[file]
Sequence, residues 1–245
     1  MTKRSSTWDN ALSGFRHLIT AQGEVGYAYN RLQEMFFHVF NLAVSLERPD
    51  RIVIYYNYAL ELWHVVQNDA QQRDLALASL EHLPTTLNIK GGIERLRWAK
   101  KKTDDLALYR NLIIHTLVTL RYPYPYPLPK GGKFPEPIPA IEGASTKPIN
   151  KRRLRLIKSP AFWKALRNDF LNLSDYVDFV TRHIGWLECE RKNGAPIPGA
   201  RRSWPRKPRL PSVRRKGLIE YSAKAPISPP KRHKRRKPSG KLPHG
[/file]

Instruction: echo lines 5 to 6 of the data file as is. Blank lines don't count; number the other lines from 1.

   151  KRRLRLIKSP AFWKALRNDF LNLSDYVDFV TRHIGWLECE RKNGAPIPGA
   201  RRSWPRKPRL PSVRRKGLIE YSAKAPISPP KRHKRRKPSG KLPHG